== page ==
It is indeed important not to exaggerate the strength of this cohesiveness, as pointed out by Dr. Freshwater: “There is a belief about rural people that they are independent, they have a high degree of community, they are willing to cooperate and bring about change.  That is true, but they have very limited resources.  The things that we ask them to do when things are downloaded from national and provincial governments to rural areas, in many ways, are more than they can manage.” (Evidence, November 21, 2006)

Low Farm Incomes and its Consequences

Persistent low farm incomes have created some serious problems for farmers in many parts of the agricultural sector that are not well captured by the LICO poverty figures discussed in Chapter 2.  As shown in Figure 4-1, (real) net market farm income has hovered at or below zero since about 1987.[47]  Figure 4-2 shows that since the late 1980s, government program payments have accounted for almost all of the farm sectors realized net income.  The figure also shows that even with government support, realized net farm income has declined steadily since the early 1970s.

Farmers have responded to these trends by increasingly resorting to off-farm work to help pay the bills.  In 1980, off-farm income accounted for 72% of total farm income, whereas it accounted for 87% in 2002.  In her testimony, Ms. Martz told the Committee that off-farm work puts a lot of strain on farm families, leading to situations where wives and elderly parents are left to conduct the farm business while children often run large (and dangerous) farm machinery.  Where off-farm income is often not enough to keep a farm afloat financially, many farm men are “going to food banks — in some cases in the city so they do not have to face their neighbours” while farm men increasingly access mental health services.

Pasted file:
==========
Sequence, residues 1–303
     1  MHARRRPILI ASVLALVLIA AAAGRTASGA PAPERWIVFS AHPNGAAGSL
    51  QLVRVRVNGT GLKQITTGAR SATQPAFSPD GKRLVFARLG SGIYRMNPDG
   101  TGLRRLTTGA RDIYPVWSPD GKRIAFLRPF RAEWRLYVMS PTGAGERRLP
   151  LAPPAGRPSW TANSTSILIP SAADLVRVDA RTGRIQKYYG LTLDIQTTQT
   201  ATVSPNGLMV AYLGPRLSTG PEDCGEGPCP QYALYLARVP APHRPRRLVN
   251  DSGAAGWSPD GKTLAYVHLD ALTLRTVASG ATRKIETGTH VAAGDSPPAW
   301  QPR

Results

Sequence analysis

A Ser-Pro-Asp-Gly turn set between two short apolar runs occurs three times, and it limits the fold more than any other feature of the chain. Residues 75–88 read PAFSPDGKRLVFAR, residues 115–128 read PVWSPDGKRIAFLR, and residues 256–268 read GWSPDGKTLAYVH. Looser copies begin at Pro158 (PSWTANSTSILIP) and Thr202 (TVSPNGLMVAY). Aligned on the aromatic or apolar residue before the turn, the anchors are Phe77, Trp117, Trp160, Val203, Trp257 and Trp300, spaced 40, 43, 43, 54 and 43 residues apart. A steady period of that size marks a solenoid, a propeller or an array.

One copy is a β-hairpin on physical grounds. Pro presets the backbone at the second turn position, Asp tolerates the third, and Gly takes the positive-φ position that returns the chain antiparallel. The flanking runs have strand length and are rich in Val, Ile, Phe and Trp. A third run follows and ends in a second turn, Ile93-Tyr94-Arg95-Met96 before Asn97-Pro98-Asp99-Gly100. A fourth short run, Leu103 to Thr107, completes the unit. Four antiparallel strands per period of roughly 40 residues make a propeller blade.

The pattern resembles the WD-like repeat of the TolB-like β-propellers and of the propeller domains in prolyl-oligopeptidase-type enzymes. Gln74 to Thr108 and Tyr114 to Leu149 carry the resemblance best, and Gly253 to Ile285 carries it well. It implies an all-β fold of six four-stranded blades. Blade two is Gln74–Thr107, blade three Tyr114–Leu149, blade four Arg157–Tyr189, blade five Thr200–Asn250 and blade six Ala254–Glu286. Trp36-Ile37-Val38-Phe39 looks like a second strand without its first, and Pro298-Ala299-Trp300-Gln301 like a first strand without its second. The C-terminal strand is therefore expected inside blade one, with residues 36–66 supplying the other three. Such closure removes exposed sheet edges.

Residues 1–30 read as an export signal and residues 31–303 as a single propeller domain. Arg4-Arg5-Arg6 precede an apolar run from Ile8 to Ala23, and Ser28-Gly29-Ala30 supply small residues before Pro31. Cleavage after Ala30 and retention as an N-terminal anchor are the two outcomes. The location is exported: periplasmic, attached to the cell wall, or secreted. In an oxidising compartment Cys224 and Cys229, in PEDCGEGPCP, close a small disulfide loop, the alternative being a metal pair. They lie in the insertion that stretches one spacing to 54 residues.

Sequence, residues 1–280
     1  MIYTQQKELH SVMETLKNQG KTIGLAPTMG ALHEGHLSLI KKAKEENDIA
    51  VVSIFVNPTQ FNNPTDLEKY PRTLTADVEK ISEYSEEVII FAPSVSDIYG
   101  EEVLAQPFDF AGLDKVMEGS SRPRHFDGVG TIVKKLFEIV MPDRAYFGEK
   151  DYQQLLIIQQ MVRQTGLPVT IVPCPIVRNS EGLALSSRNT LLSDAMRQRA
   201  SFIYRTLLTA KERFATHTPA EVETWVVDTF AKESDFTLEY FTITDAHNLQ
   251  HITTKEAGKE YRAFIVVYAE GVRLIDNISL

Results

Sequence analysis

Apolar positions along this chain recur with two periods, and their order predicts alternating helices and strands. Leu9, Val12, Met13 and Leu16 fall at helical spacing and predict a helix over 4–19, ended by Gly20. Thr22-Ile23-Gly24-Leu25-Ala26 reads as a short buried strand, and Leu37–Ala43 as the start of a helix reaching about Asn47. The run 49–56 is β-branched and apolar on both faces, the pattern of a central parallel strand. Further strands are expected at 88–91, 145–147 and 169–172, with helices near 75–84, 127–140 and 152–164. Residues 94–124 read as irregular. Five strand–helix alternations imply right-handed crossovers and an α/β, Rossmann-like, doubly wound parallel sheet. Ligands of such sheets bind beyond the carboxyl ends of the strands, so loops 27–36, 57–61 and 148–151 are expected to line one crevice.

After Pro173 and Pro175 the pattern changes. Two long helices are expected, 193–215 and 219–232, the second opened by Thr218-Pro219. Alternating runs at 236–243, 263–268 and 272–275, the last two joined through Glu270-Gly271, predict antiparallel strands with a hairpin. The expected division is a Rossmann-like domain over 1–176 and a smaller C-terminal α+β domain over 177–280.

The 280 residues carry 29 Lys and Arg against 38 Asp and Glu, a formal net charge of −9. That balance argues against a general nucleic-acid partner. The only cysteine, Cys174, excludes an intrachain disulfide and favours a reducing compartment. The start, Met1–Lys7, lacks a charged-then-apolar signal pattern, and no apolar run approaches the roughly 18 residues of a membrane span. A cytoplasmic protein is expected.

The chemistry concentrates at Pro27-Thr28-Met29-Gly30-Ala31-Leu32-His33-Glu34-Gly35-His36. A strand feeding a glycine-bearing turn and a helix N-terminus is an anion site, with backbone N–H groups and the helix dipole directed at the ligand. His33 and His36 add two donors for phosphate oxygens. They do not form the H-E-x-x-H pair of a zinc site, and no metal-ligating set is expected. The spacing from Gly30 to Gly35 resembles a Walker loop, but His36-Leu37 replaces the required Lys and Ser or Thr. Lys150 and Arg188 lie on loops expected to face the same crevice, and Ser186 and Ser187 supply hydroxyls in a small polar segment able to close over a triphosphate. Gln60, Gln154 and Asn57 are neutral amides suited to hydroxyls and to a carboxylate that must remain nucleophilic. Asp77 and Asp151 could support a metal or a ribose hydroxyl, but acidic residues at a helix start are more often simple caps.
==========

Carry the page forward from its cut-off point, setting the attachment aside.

On July 31, 2006, the federal government created a $550-million Canadian Farm Families Options Program to help lower-income farmers and families.  The program provides payments aimed at bringing household income up to a maximum of $25,000 for families and $15,000 for individuals with gross farm revenues of at least $50,000.  Applicants are required to commit to using business planning and skills development programs in order to qualify for the program.

As Dr. Cummings reminded us, hardship on the farm is leading to a situation where “farming is seen as a life with few prospects [and] where depression, crisis and/or debt seriously impact many farm families.  Youth are discouraged from entering the business and off-farm work is a mainstay.” (Evidence, October 31, 2006)

Not all our witnesses agreed with the pessimistic depiction of farm income or farm life.  In his presentation, Dr. Klein said he would not use the term “poverty” to describe the plight of farmers, agreeing in effect with Dr. Sentance who argued that farmers face a cash-flow not a poverty problem: “There are individuals in agriculture, as there always have been, who are in the process of adjusting, and this will be a continuing process.  We live in a market economy where market signals give incentives for people to do different things.  I do not think we should confuse that with poverty unless it actually causes people to have a substandard level of living, and I do not see that.  I was an active farmer throughout the 1960s and early 1970s, and the situation is infinitely better on the farms today than it was then, in many respects.  People’s memories are often clouded by the most recent memory, but the people who live on farms now have a much better family living standard than we had in the 1960s and 1970s.  There is no question about that.” (Evidence, November 30, 2006)